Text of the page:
Tips and resources to help you throughout your caregiving journey

Caregiving and COVID-19

At SE Health and Elizz, we are here to help caregivers through these extraordinary times of the COVID-19 pandemic. You can get credible and up-to-date information at SE Health. At Elizz, we’ll be here to help and support you through the added stress, worry, and anxiety.

As a daughter or son of an aging parent, you may find yourself worried about your mom and/or dad contracting this virus. There is a greater risk of a more severe outcome for Canadians who are: 65 years of age and older; have a compromised immune system, and who have underlying medical conditions.

At Elizz, we focus on what you can do and what you can control. While there is a greater risk, there are also actions you and your mom and/or dad can take to help prevent infection and the spread of this latest coronavirus. In addition, it is wise to be prepared for a potential emergency. At Elizz, we always encourage caregivers to be proactive, to plan, to be prepared. We cannot emphasize that enough at this time.

Being prepared

The Public Health Agency of Canada advises all Canadians to be prepared in the event of an emergency. This is especially good advice for caregivers.  How can you be prepared? You can do this by: making a plan, filling prescriptions and stocking up on essentials. We know that family caregivers are already involved with picking up groceries, supplies and medications for mom and/or dad.  As we move through this pandemic, more planning may be required.

  • Make a plan.

Think about how you can reduce your exposure and your parents’ exposure to crowded places.  For example, you may want to do shopping at off-peak hours. Avoid public transit if this is at all possible.

As you are likely aware, we have all been advised to practice social distancing. You can watch this CBC News video on social distancing:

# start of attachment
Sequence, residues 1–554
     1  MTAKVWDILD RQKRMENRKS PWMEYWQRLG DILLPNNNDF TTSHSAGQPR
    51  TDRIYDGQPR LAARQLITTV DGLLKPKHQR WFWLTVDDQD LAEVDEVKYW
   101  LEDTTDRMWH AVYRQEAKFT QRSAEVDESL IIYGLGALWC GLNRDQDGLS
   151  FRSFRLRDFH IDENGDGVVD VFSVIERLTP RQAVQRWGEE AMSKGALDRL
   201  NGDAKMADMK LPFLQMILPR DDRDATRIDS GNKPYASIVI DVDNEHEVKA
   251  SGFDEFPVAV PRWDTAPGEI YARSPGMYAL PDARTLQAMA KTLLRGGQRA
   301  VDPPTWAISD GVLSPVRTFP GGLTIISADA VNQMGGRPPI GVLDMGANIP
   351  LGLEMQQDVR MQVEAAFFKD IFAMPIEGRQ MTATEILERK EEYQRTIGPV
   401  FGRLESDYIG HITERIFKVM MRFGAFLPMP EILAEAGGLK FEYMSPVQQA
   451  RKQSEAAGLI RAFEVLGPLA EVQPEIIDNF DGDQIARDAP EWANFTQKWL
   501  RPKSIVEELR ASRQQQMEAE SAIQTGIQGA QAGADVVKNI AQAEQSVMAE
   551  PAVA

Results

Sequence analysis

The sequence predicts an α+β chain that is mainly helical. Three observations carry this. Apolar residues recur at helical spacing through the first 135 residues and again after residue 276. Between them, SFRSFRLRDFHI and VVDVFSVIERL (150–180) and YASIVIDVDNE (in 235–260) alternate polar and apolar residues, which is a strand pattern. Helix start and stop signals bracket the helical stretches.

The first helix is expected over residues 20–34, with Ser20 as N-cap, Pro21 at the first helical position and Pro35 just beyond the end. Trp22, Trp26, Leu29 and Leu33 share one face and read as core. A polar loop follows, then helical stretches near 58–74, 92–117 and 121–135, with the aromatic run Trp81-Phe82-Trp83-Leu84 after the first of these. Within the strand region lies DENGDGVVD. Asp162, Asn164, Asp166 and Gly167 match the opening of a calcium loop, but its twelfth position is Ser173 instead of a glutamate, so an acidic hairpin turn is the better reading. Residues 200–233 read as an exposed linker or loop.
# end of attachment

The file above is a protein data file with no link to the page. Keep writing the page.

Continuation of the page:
https://www.cbc.ca/news/thenational/how-social-distancing-can-prevent-the-spread-of-covid-19-1.5496287.

Include in your plan what you will do if you become sick. Who will check in or take care of your mom and/or dad if you are unable to? Create a back-up plan.

  •  Refill prescriptions.

Suggest to your parents that they contact their healthcare provider to ask about medication refills in case they need to stay home for a prolonged period of time.

Consider online pharmacy or medication delivery services, like Well.ca.

  • Stock up on essentials.

It makes most sense to stock non-perishable items. This can prevent a need to leave the home if you become sick or if you are  caring for a family member who is sick. Stocking up isn’t necessarily just for those who are in isolation. It is also best to be prepared in case there is an outbreak in your community. Once again, consider shopping online and using grocery delivery services.

Connecting with mom and dad

If your mom or dad is in the hospital, retirement home or long-term care home (nursing home), be sure to ask about protocol.  It’s important to follow it & continue to monitor the situation. Many of these institutions are taking more stringent precautionary measures, including restricted visiting. While we know it isn’t ideal, don’t underestimate the power of connecting by phone or video chat.

Another way to keep connected with your mom and/or dad is to have your kids (who certainly have time on their hands!) create artwork or write cards and letters and send them off via so-called snail mail. Technology aside, it’s a loving act and it’s still pretty cool to receive physical mail.

One creative son in the United Kingdom chatted to his dad through the long-term care window of his room, and the poignant picture has gone viral.

Finally, it wouldn’t be Elizz  if we didn’t also remind you to take care of yourself. Self care is especially important during trying times.

What are you doing to stay connected and to help your mom and/or dad during this COVID-19 pandemic? We would love to hear from you.

 

 

 

 

 

 

 

 

 

 

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  • Glenys Lovell
    Fri Mar 20 2020, 11:48
    All your references are to people with elderly parents. My children work or have children to care for. I am 77 and the caregiver 24/7 of my 84 year old husband with severe dementia. What suggestions do you have for me?
  • Catherine Campbell
    Sat Mar 21 2020, 15:00
    I am one of the vulnerable elderly who is used to being alone. I meet friends by going for a walk with them. My garden looks better than it has in years. Luckily I like to garden. Please take care to follow recommendations. We are all vulnerable.
  • Cathy Labbett
    Sun Mar 22 2020, 09:15
    Snail mail is not being delivered. I work in a retirement residence and we have had no mail for a week.